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Cruelty Free International welcomes Labour Party pledge to phase out animal testing

Cruelty Free International

5 min read Partner content

NGO calls for all parties to commit to end of animal testing

Animal protection NGO Cruelty Free International welcomes The Labour Party’s manifesto pledge to phase out animal testing – and calls on all other parties standing in the 2024 General Election to clarify their commitment to ending the suffering and death of animals in laboratories in Great Britain. 

The manifesto states that Labour will “partner with scientists, industry, and civil society as we work towards the phasing out of animal testing”. If elected, the party must develop a roadmap with clear targets, milestones and action to phase out the use of all animals in experiments, led by a new minister to co-ordinate plans across all departments.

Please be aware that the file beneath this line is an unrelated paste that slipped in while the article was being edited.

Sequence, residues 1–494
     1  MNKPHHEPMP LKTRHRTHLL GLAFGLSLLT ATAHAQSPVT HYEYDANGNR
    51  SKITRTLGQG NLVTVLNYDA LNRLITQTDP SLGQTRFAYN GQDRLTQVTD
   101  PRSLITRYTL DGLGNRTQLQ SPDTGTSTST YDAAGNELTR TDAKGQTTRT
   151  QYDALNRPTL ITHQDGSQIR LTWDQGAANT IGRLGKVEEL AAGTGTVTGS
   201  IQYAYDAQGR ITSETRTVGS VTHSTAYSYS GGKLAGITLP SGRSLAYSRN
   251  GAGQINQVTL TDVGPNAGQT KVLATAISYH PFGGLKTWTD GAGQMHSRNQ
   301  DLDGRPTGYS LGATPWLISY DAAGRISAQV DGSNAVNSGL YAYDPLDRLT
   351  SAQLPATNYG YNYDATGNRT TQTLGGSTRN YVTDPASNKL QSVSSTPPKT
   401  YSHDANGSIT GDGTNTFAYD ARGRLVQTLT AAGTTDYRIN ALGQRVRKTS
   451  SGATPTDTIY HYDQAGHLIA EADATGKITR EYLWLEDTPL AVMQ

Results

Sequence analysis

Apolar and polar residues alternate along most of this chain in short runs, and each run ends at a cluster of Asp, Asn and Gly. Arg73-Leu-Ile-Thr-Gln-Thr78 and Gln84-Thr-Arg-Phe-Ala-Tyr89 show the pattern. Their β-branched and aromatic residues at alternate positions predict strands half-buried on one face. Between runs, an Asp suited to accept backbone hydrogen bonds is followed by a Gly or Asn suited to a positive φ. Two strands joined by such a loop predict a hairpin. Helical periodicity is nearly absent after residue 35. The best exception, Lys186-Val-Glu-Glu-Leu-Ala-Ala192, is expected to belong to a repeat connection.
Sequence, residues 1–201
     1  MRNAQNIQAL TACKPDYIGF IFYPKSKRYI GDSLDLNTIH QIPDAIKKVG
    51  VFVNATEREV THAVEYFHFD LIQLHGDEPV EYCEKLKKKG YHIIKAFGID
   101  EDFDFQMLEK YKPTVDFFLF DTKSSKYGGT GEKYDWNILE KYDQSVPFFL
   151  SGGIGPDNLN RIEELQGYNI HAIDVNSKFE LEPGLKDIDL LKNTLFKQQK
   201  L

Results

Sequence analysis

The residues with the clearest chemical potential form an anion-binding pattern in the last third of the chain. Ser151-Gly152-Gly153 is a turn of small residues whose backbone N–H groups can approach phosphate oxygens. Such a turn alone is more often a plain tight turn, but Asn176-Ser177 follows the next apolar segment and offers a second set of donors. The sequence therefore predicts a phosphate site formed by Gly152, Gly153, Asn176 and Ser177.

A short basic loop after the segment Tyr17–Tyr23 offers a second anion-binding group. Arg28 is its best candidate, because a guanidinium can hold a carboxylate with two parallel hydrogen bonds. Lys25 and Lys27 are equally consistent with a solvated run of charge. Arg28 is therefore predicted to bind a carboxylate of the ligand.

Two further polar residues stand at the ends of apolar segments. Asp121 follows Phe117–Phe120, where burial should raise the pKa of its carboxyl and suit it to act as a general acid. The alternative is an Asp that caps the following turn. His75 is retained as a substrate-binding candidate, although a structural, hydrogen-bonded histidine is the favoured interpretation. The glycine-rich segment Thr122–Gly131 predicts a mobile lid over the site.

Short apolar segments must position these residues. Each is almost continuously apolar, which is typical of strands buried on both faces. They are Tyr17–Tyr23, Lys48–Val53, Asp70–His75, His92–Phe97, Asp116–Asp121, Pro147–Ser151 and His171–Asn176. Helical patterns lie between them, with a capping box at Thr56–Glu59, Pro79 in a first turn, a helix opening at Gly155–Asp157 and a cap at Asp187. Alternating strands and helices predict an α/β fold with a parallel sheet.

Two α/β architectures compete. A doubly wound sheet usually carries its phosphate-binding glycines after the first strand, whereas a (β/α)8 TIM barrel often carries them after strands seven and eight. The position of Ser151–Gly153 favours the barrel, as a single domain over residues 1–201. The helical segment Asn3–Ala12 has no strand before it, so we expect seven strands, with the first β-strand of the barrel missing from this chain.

Home Office statistics show that there were over 2.76 million uses of animals in laboratories in Great Britain in 20221. Ten per cent of those are tests required by regulators to assess the safety or effectiveness of chemicals, medicines and other products. 

Of the remaining uses of animals in British laboratories in 2022, 45% were in the creation and breeding of genetically altered animals; and a further 29% in basic, curiosity-driven research. Many of these tests, which aren’t required by the regulator and are essentially voluntary, could be removed without very little impact. This should be one of the first areas to be addressed in a comprehensive government-led plan to phase out testing on animals. Many other animal tests could be ended immediately, as they are conducted despite already having approved non-animal alternatives available.